This chamber, which was large and cased with oak, was wholly unfurnished, like the hall, and in an equally dilapidated condition. The only decoration remaining on its walls was the portrait of a venerable personage in the cap and gown of Henry the Eighth’s time, painted against a panel — a circumstance which had probably saved it from destruction and beneath it, fixed in another panel, a plate of brass, covered with mystical characters and symbols, and inscribed with the name Cyprianus de Rougemont, Fra. R.C. The same name likewise appeared upon a label beneath the portrait, with the date, 1550.
Pausing before the portrait, the young man threw the light of the lantern full upon it, and revealed features somewhat resembling his own in form, but of a severe and philosophic cast. In the eyes alone could be discerned the peculiar and terrible glimmer which distinguished his own glances. After regarding the portrait for some time fixedly, he thus addressed it:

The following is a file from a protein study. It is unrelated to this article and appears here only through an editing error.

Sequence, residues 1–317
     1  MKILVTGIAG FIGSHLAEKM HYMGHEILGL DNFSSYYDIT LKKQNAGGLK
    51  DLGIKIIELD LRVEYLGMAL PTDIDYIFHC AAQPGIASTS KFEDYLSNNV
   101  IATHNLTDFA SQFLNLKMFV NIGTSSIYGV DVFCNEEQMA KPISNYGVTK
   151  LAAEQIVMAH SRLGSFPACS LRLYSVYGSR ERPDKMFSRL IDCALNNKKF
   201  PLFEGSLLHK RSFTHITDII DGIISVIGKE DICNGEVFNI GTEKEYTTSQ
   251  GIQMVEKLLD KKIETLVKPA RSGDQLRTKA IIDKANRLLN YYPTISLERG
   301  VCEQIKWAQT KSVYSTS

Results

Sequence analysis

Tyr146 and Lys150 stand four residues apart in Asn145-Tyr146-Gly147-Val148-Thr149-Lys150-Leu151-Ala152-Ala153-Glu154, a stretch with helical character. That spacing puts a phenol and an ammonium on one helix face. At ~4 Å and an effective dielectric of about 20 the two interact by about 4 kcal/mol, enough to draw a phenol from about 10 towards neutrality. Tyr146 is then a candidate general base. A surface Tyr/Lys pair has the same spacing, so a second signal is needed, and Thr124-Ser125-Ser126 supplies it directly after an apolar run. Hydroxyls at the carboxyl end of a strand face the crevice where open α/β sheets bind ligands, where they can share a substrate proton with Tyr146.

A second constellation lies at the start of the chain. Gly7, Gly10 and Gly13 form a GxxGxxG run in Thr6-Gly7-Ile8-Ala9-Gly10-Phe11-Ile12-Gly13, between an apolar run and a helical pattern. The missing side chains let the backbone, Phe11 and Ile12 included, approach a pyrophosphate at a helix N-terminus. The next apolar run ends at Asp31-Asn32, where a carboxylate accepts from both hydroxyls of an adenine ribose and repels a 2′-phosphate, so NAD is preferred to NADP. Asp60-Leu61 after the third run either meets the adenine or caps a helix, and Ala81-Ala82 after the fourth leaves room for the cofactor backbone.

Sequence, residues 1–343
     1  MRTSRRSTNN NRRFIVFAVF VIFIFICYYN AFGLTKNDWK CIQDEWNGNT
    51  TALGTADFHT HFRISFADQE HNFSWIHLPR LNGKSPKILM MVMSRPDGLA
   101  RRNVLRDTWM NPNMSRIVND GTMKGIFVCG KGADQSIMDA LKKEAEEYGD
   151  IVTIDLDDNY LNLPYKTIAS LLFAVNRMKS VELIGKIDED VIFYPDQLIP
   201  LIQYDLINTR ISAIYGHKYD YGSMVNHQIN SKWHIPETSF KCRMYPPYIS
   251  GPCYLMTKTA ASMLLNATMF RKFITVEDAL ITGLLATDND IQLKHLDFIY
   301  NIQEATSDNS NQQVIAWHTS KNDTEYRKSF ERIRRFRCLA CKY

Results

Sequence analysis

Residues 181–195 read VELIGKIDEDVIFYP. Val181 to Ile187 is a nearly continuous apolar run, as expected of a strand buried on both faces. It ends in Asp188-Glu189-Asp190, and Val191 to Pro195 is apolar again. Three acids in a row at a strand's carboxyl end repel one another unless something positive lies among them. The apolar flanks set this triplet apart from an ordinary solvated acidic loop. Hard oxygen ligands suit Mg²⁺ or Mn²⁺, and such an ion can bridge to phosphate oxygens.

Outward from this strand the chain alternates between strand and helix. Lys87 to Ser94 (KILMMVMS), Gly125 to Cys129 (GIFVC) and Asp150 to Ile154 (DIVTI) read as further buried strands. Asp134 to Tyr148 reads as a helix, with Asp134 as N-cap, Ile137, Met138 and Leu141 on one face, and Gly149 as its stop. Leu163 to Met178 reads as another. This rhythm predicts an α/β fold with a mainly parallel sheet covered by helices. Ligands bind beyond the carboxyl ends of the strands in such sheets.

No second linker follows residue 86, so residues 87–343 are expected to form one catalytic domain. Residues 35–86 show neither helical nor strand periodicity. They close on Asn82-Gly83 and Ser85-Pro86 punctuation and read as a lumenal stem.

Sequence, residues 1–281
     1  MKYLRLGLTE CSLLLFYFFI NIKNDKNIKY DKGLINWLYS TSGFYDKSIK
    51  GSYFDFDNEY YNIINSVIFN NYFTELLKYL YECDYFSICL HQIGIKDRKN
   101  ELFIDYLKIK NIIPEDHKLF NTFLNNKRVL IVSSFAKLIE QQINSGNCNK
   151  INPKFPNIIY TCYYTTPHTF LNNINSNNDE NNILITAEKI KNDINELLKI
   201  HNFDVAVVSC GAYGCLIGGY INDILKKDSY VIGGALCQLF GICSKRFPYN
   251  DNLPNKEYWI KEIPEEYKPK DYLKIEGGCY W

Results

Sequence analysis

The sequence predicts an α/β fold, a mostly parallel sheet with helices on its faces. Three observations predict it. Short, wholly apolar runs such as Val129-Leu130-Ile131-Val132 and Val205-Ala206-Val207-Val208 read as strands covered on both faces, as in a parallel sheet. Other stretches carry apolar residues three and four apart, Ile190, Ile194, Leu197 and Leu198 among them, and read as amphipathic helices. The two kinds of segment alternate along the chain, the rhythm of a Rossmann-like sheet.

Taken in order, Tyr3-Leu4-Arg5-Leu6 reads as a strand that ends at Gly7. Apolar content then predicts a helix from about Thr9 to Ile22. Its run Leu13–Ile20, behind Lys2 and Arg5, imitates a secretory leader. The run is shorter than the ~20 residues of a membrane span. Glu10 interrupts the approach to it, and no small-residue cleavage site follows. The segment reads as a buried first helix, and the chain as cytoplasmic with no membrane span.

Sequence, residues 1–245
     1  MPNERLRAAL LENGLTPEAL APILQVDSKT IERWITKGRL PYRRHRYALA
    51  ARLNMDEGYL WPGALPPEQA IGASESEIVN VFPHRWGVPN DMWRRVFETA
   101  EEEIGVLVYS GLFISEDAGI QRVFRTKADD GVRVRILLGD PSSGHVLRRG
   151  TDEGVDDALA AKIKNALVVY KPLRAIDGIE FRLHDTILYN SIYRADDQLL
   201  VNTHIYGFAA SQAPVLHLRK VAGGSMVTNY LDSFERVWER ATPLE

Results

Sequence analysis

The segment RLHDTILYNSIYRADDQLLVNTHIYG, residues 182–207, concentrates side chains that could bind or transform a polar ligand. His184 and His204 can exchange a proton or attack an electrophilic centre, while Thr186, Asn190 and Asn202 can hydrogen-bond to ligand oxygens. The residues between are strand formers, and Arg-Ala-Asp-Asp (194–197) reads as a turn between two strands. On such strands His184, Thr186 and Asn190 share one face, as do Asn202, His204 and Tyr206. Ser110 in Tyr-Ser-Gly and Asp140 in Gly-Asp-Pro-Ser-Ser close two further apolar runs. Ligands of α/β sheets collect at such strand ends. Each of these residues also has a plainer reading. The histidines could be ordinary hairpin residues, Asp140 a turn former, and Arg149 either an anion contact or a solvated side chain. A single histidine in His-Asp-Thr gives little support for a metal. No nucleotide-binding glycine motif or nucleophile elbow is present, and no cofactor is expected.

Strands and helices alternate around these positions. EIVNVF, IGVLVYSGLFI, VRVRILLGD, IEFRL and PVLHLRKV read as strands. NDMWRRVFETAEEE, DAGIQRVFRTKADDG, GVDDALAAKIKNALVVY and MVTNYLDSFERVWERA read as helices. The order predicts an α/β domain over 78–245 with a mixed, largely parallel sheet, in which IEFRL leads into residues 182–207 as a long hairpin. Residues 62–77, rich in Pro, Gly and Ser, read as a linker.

“Dost hear me, old ancestor?” he cried. “I, thy descendant, Cyprian de Rougemont, call upon thee to point out where thy gold is hidden? I know that thou wert a brother of the Rosy Cross — one of the illuminati — and didst penetrate the mysteries of nature, and enter the region of light. I know also, that thou wert buried in this house with a vast treasure; but though I have made diligent search for it, and others have searched before me, thy grave has never yet been discovered! Listen to me! Methought Satan appeared to me in a dream last night, and bade me come hither, and I should find what I sought. The conditions he proposed were, that I should either give him my own soul, or win him that of Auriol Darcy. I assented. I am here. Where is thy treasure?”